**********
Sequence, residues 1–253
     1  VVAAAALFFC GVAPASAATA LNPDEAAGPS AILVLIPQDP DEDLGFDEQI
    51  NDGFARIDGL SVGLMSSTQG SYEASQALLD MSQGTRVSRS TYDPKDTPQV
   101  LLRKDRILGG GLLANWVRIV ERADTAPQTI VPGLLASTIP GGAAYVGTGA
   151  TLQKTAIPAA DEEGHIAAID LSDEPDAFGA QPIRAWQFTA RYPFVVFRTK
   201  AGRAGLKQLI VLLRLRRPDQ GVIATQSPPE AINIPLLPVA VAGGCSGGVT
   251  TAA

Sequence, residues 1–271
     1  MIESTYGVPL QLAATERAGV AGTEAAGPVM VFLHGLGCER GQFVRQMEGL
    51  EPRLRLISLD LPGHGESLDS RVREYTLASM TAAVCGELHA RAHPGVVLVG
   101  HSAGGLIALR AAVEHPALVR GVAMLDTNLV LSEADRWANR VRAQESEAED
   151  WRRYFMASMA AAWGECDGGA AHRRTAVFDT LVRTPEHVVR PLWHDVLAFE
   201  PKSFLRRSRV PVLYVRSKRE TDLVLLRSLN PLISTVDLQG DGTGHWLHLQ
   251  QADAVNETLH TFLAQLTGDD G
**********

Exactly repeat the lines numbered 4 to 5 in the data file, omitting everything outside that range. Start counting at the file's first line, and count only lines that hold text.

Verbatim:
   101  LLRKDRILGG GLLANWVRIV ERADTAPQTI VPGLLASTIP GGAAYVGTGA
   151  TLQKTAIPAA DEEGHIAAID LSDEPDAFGA QPIRAWQFTA RYPFVVFRTK